The morning was sunny and warm as we rendezvoused at Realization Point for the hike up Long Canyon with naturalist Dave Sutherland. “Ready for some time travel?” he asked. “We’re headed 11,000 years back to a time when the climate was about twenty degrees cooler than it is now.”
He laid out a painting of prairies and hills. “Here we are on Pearl Street 11,000 years ago.” Woolly mammoths and short-faced bears and pronghorn antelope and cheetahs roamed the area.
Glaciers did not reach Boulder, and the climate was similar to what we might find a few thousand feet higher in the mountains today. The large animals died out at the time the temperature warmed, which happened abruptly over only fifty years or so, but whether they died out because of a warmer climate or because of hunting by the Paleo humans who lived in the area at the time is not known.
Long Canyon is tucked into the north flank of Green Mountain, where an extra dose of mountain shadow and moisture have kept the climate cool, so populations of Ice Age plants continue to thrive. These are relict populations, which means, Dave said, “shipwrecked, lost, cut off from their kind. These are vestiges from a lost world.”
One of those relict populations is beaked hazelnut, cut off from its relatives in the Northeastern forests when the plains of the Midwest warmed beyond what it could tolerate.
Long Canyon is of great interest to plant geneticists because of all its relict populations, which are living windows into the evolutionary process. When plant or animal populations are isolated from their neighbors, they may begin to develop characteristics that set them apart from earlier relatives, taking off in their own evolutionary direction.
Beside a trickling stream we found one of my favorite wildflowers, shooting stars. I loved them for years in northern California and was delighted to find they thrive along the creeks of Colorado too:
Just up from the shooting stars we ran across some twinflower, also called hot lips flower. This is a yellow variety:
Another relict plant is the black snakeroot, sinewy all the way to its small globe of a flower. Long Canyon is
one of the only places it is found in the state of Colorado:
With our dry and warm climate, you wouldn’t expect to find a woodland of ferns, but there it is, spilling across the hillside. This is a field of bracken fern:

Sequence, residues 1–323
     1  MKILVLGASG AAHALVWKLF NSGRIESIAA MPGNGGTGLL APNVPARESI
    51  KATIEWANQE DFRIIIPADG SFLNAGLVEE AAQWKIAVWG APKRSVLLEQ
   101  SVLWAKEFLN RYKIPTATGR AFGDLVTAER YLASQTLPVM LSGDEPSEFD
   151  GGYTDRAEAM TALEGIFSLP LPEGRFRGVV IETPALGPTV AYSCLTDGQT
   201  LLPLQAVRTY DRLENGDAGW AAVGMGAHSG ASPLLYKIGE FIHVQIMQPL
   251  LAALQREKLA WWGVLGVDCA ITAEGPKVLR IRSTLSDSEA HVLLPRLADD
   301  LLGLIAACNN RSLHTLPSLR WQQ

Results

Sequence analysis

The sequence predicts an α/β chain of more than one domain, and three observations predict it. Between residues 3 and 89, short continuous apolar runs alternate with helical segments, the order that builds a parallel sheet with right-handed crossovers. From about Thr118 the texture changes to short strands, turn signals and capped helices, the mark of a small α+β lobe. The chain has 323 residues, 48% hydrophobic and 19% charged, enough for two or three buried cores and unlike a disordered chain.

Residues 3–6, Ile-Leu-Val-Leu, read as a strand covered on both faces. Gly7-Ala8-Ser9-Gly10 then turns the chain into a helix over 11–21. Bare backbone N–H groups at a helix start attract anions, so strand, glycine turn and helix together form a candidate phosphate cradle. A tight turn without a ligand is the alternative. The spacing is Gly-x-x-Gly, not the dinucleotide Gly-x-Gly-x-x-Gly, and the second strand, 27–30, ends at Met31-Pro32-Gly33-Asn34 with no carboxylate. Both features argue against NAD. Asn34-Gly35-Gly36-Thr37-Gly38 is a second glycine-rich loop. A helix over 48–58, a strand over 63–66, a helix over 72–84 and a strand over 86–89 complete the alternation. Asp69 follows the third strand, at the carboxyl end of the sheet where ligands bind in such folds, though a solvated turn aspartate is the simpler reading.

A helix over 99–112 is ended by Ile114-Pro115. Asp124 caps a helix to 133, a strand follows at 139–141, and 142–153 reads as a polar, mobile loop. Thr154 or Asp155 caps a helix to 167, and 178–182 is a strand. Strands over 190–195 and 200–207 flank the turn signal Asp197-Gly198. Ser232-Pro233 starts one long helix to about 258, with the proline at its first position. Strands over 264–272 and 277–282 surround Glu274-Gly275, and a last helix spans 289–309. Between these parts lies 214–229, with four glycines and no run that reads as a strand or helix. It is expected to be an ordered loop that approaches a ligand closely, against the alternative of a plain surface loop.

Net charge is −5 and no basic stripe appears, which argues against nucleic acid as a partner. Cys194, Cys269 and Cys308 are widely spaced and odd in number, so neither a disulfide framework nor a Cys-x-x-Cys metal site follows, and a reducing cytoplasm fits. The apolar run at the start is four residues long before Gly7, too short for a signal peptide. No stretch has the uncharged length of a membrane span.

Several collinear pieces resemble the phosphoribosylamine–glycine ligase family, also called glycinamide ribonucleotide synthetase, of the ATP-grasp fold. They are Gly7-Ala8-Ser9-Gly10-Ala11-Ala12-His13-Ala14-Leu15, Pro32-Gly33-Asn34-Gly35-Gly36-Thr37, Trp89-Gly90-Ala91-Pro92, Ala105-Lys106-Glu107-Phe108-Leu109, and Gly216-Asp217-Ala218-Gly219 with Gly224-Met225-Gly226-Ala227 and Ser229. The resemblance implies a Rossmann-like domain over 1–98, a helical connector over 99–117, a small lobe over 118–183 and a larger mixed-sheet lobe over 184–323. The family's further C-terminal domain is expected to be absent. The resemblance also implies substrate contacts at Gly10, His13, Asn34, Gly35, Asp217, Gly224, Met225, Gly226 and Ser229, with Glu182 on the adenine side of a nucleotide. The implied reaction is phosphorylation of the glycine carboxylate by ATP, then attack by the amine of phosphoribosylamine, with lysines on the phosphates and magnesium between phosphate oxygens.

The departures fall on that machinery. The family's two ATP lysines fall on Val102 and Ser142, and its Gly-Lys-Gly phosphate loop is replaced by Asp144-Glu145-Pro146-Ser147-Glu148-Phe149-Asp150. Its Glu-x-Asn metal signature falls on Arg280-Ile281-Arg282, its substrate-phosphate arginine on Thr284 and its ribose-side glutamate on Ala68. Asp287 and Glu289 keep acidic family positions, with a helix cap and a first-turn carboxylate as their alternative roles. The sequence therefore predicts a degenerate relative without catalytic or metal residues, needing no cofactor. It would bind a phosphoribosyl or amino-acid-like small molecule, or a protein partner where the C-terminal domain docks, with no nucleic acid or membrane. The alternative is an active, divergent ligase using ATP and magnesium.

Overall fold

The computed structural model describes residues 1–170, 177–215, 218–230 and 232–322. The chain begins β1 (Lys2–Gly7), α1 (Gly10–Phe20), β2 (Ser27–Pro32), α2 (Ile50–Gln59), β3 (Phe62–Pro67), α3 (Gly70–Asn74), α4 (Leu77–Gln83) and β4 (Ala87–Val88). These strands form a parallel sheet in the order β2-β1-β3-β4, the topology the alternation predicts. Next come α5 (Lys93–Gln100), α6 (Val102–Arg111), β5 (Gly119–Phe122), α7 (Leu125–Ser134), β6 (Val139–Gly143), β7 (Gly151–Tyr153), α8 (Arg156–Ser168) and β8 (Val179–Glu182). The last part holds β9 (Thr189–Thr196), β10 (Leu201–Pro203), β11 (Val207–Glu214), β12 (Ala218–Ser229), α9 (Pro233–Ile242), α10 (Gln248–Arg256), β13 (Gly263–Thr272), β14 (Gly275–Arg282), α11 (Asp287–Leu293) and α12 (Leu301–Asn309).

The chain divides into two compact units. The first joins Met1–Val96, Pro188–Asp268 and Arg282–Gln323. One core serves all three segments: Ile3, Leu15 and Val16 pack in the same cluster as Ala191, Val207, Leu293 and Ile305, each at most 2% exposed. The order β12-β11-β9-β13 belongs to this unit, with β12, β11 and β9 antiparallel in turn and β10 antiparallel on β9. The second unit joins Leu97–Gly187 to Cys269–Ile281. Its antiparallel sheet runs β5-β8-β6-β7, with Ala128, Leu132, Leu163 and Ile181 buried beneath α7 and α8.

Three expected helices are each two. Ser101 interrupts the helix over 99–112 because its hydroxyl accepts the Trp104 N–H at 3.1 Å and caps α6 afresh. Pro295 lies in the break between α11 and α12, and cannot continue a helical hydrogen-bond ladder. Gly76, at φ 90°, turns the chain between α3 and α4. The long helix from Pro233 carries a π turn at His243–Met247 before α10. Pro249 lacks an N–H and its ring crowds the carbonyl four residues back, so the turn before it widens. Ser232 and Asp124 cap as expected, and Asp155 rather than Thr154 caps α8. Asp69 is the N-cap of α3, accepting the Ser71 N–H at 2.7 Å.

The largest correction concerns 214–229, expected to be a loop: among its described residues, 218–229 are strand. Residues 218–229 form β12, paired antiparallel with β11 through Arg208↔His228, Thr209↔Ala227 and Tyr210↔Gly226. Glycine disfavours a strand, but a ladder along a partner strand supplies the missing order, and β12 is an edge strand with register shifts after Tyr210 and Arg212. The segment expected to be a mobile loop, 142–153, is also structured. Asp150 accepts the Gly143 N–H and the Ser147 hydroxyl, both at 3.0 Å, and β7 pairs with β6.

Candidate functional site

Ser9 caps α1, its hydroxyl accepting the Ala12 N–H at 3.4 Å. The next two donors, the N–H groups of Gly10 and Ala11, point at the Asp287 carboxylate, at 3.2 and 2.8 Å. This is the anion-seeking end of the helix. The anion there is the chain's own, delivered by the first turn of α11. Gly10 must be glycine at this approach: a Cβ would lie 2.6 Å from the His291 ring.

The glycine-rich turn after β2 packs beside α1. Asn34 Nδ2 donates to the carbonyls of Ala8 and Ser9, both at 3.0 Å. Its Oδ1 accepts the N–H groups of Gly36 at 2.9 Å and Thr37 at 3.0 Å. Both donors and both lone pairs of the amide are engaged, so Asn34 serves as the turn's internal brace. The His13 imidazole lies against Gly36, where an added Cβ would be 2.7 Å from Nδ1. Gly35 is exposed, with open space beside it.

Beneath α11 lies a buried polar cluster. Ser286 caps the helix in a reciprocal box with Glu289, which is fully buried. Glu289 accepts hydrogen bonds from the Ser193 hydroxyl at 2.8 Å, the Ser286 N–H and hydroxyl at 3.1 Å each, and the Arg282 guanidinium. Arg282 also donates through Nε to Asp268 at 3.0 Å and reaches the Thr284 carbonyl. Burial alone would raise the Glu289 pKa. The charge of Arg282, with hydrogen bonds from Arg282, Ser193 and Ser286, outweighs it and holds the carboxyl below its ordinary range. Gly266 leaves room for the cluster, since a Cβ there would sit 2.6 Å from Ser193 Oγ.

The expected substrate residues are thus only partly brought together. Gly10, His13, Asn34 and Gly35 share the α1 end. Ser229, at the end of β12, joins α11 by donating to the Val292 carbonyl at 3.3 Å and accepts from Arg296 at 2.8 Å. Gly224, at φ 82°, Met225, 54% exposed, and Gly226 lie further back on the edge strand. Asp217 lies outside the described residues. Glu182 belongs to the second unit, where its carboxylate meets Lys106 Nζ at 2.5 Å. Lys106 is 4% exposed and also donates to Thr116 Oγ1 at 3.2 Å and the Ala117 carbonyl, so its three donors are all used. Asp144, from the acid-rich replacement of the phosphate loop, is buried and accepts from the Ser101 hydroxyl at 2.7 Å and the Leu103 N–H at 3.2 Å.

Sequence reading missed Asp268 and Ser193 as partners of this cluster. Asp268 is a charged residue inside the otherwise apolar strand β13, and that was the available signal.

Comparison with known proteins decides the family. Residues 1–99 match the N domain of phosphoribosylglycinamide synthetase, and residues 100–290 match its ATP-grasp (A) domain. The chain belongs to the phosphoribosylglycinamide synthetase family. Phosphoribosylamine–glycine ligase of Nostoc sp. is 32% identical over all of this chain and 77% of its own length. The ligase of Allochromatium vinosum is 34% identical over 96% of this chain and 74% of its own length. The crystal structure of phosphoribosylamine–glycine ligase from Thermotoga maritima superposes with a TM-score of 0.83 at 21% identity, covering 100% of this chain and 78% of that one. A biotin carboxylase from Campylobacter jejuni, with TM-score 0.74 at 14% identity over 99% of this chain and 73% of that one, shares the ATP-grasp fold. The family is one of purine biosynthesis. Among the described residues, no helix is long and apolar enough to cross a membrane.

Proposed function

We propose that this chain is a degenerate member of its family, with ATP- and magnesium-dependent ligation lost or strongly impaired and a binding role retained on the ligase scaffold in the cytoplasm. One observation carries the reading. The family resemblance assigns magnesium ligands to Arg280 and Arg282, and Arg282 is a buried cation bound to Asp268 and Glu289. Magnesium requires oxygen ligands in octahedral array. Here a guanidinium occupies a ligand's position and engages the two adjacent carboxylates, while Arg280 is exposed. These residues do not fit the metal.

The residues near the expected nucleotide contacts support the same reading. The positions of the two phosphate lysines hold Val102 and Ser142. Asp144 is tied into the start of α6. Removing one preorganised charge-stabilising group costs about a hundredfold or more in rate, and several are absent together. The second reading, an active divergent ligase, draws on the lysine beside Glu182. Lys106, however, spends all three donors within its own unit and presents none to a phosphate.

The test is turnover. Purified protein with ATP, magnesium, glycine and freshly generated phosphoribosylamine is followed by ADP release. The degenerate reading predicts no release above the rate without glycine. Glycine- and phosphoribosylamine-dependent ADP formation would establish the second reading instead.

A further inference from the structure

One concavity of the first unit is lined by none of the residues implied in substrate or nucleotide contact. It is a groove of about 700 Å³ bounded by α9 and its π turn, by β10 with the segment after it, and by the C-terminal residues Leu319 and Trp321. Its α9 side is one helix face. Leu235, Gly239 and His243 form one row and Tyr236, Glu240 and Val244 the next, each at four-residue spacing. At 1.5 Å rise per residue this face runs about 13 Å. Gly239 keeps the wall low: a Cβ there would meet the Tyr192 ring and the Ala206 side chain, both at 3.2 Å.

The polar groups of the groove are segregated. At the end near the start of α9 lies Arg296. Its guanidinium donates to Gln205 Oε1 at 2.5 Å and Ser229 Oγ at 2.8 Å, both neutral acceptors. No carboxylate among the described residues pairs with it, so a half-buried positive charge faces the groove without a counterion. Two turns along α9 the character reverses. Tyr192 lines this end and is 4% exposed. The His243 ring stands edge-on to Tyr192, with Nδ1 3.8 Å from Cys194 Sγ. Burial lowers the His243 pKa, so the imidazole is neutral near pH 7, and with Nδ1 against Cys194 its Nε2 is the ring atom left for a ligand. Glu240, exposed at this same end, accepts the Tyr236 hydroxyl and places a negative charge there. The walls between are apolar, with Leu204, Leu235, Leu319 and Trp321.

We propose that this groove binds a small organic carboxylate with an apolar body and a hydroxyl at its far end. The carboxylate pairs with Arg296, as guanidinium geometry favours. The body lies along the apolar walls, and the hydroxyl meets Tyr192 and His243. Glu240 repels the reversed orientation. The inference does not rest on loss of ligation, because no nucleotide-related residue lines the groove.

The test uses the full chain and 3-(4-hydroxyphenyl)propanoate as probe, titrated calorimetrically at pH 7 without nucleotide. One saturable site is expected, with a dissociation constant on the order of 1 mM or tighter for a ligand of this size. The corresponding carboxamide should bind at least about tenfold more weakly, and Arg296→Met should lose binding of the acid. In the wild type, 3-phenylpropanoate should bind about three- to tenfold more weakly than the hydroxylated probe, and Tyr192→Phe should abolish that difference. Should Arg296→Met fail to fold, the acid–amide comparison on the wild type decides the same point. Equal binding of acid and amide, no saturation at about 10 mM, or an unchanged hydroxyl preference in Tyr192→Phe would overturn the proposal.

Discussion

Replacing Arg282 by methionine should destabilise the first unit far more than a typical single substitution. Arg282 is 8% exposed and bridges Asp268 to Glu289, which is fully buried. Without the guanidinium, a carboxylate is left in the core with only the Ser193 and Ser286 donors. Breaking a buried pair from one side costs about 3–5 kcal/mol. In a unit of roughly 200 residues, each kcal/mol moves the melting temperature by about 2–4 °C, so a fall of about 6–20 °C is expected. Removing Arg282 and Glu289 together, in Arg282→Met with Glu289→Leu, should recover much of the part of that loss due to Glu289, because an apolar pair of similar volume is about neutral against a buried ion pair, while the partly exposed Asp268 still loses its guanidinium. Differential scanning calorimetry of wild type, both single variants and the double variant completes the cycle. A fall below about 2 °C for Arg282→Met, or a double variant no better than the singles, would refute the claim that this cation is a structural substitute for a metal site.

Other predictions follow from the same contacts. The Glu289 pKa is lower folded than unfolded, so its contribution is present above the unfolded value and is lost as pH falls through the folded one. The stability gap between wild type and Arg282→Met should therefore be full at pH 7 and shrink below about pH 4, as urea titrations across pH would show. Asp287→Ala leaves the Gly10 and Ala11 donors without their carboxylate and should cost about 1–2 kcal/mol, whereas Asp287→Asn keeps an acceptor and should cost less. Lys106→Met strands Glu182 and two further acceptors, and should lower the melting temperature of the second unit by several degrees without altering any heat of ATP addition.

Just across the trail from the ferns is another relict prize, the paper birch, which wears a beautiful bronze bark rather than white because it has hybridized with the river birch at the base of the canyon:
It was time to turn back toward the trailhead. At our feet were dozens of tiny white violets known as Canada violets because, of course, they usually thrive in a colder, more northerly climate:
Farther down we were treated to the sight of one of the species of orchid that live in the canyon. This is coralroot orchid, which has no leaves. It does not carry out photosynthesis but gets its nutrition instead from a symbiotic relationship with a fungus.
Back down at the trailhead we stopped to admire the most ancient of plants, the horsetail:
During the last Ice Age, horsetail was already ancient. Horsetail is a living fossil, so ancient it doesn’t even have seeds. It reproduces instead by spores. Here you can see the mature reeds, and one of them still holds its bundle of spores at the top:
I love horsetail—just the idea of such an ancient ancestor still thriving today. There was a time 300 million years ago when horsetail was the dominant form of the forest in what is now North America. Instead of growing only two or three feet tall, horsetails stretched to heights of ninety feet. The coal fields of Pennsylvania formed out of their remains.
At the trailhead again, we stepped across the creek, back to the present. After a morning spent in a cool, shaded forest, we blinked in the blazing noonday sun. We carried a bit of the woodsy quiet back to our lives.